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August 28, 2020 5 min read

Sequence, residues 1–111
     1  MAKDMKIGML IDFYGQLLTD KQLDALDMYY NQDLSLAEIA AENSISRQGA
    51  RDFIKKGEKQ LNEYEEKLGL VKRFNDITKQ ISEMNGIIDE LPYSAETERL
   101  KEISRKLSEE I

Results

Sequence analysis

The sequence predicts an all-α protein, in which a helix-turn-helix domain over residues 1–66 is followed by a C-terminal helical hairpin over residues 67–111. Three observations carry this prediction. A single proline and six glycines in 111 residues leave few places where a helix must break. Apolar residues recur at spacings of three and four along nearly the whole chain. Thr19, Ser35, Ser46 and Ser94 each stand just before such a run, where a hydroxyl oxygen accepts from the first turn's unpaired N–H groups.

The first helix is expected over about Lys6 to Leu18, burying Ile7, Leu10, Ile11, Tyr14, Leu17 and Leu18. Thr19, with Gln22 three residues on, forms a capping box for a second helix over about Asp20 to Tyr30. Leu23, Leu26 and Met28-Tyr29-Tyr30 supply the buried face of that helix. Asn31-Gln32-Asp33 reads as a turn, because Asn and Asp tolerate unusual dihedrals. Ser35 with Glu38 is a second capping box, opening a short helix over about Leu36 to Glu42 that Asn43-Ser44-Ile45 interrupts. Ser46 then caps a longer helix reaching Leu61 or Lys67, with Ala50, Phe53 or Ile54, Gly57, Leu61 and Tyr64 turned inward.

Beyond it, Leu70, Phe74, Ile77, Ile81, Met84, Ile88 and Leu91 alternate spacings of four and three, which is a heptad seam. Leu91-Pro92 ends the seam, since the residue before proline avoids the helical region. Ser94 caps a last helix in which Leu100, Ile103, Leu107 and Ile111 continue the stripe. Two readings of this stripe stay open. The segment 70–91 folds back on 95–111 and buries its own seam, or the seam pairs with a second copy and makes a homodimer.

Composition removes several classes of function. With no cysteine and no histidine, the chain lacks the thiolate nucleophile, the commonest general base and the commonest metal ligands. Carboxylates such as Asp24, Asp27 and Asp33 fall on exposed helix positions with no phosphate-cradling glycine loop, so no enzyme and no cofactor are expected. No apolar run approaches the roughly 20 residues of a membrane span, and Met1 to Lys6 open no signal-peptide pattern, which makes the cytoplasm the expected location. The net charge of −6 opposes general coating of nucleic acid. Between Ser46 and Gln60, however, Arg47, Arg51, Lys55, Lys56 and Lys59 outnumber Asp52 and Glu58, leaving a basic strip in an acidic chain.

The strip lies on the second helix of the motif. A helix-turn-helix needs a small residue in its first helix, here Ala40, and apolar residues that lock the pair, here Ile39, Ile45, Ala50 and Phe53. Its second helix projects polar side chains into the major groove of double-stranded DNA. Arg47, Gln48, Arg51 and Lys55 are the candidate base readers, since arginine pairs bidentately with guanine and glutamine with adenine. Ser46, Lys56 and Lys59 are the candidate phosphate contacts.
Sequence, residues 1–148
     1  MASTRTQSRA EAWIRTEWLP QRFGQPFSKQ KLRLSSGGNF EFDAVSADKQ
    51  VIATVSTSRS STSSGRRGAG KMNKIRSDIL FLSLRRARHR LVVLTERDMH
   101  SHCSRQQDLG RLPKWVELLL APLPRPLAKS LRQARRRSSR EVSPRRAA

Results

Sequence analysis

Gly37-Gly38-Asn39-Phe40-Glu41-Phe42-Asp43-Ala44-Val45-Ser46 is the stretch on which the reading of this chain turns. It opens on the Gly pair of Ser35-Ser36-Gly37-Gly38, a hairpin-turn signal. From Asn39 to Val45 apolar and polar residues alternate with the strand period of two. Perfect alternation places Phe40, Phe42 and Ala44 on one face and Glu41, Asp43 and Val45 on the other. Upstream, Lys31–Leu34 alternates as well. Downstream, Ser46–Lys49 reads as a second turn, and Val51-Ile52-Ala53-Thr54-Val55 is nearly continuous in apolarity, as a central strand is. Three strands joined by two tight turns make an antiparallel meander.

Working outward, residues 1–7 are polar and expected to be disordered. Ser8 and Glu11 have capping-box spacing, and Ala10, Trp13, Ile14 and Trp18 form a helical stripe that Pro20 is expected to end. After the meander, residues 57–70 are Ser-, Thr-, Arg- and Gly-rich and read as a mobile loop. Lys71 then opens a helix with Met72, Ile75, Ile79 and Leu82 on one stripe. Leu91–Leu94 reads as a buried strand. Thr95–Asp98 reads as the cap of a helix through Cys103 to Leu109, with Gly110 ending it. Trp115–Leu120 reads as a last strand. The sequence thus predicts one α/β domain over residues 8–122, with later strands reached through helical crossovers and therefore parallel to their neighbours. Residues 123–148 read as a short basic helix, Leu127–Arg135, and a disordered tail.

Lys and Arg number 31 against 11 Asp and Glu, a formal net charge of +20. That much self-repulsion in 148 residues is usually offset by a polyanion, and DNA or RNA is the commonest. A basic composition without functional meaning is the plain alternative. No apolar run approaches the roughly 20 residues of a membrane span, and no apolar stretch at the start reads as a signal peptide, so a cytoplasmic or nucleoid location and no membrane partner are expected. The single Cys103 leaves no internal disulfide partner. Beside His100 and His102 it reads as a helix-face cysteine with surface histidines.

Combat clothing: Luxury brands are required to prove from a social conscience Luxury brands such as Dolce & Gabbana, Prada and Gucci have been hit hard by the Corona crisis and now even the protesters on the streets of the United States are venting their anger on them. Along with the decline in sales of fashion houses will now have to prove ethnic diversity and social conscience. Some will hide their defiant logo, some will be sold to giant corporations and others will not survive Elite Minmar 08: 4315.06.20 Tags: disgusting fashions Racism Fashion beers are starting to go out of business but a wave of protests sweeping the world following the killing of George Floyd only sharpened luxury stores The ongoing crisis in the fashion world that deepened with the outbreak of the corona. After the fire has ignited the fashion industry and expensive brands are under pressure to take a stand on political and social issues, stores have been closed for months, consumers are showing more discretion when it comes to shopping, and changing priorities. Chanel, Gucci, Louis Vuitton and Dior may have survived global crises like World Wars and the Great Depression, but today's luxury brands - many incorporated into giant corporations like Kering and LVMH, and employing hundreds of thousands of workers around the world - have changed. During the 2008 crisis, luxury market profits fell by 9%. Now in the Chinese market, a major growth engine in the luxury industry, which returned to activity in April, there has already been a decline of 7.5% over the previous year. And this is just the beginning. British luxury brand Barbary has already reported a 27% drop in sales in the last quarter and has announced it will not distribute dividends to shareholders. And Gucci House is the last to announce that it will only hold two shows a year from now on (and not five as it used to). Fashion shows right Barbary and Gucci Fashion shows right Barbary and Gucci Photo: Reuters, AP Dris van Noten and other designers called on the industry not to hold early end-of-season sales as usual, and to postpone the collection schedule and delivery dates according to the actual seasons (summer clothes will be sold In summer and winter clothes in winter). Quite a few players will find it difficult to return to the arena and some of them may find a solution if they merge into the giant corporations, which do not suffer from a shortage of cash and can continue to pay their employees. The crisis is challenging the luxury industry, and especially those who control it, to adopt more creative thinking to meet consumer demands. They will also be examined in their sincere treatment of unabated protest, police violence and racism, ethnic diversity and other social and political issues that will dominate the cultural discourse from now on. Do they really care about George Floyd and racism or do they care about their public image? Social networks teach that ignoring what is happening in the world may make them irrelevant, but even a vague reference on their part can lead to antagonism. For example, the reaction of Virgil Abelou, the designer of the street fashion brand Off White and the artistic director of Louis Vuitton. The appointment of the black designer to head the French luxury brand marked a new era and hope. He has now suffered a tantrum of anger on networks when he hinted on his Instagram account that the rioters are not part of the street fashion culture "he is more bothered by the looting of off-white shops than by the police violence", some commented, "he does not care about the culture". Dolce & Gabbana store in Manhattan New York with shattered windows Dolce & Gabbana store in Manhattan New York with shattered windows Photo: Getty Images Consumers in the foreseeable future will likely see changes in consumption habits, among other things, demand may change to other categories, such as branded masks Or more street fashion than evening dresses, and the demand and consumption of luxury items may simply decrease. Consumers will decide to buy less, they will discover more awareness about the production processes and demand transparency, the demand for second-hand luxury products will increase, there will be an increase in online commerce and live sales. According to fashion historian and curator Yaara Kedar, "there is a tendency to dismiss fashion as a superficial thing that has no meaning, a luxury that is not needed in a crisis. But history teaches us how much fashion is related to our mindset. It is also connected to the ability to recover from a crisis," she says. "It has a profound psychological capacity and effect on us, and anyone who has ever felt an improvement in mood when buying a new shirt, after a haircut, or with a new blush, could attest to that. All the more so in times of crisis." The "lipstick effect" theory, according to which in times of economic crisis there will be a jump in the purchase of branded beauty products whose price is not high, strengthens her words. Thus, after the events of September 11, Leonard Lauder was quoted in the New York Times as saying that Estee Lauder's lipstick sales had increased significantly. And today, judging by the Financial Times, nail polish is the new lipstick effect. When beauty salons are closed, women do nail parties at home and buy more nail polish: Chanel nail polish, for example, sells in the UK for £ 22. And since the eruption of the corona, there has been a more than 218% increase in sales. Hermes Birkin Bag Hermes Birkin Bag Judging by history, many will also seek to buy minimalist items for investment, without an ID logo, such that their purchase can be justified by being timeless. According to Adv. Assaf Lapid and Adv. Racheli Zilberfarb-Schreiber, from AYR - Amar Reiter Jean Schochtowitz & Co., which also specializes in intellectual property, after the 2008 crisis, more luxury items were sold without a logo. "In 2009, Gucci launched the new Jackie bag, this time without a logo. It was marketed as a timeless item and was one of the fashion house's most profitable bags in those years, even though its price was almost double the price of the branded bag." The decline of logomania and the rise of the eternal item, says Zilberfarb-Schreiber, are not just a consumer-economic phenomenon. They also have significance in the legal world and in particular in the field of intellectual property. "The same trend of a consumer transition from an item with a logo shouting to an item that quietly reflects its value, raises the bar of the three-dimensional trademark, that is, a physical mark, which indicates in its form its origin." Such are also Hermes' Birkin and Kelly portfolios, which are the best example of the trend. On the first day of the opening of the Hermes store in Guangzhou, China after the closure, it reported sales of $ 2.7 million. According to Zilberfarb-Schreiber and Lapid, in the near future there will be an increase in the number of applications for registration of 3D trademarks, but not only. The two also anticipate an increase in the number of actual designs of designs, as happened in 2009-2007. The changes in the world of fashion and the trend of reducing the number of collections will probably now also lead to an increase in registration, in an attempt to combat counterfeiting. "The pirate paradox theory - according to which fakes drive the fashion economy by making the fake item irrelevant and challenging fashion houses to launch new collections - is invalid when the pace slows down. So you can't turn a blind eye, and you have to fight them through registration."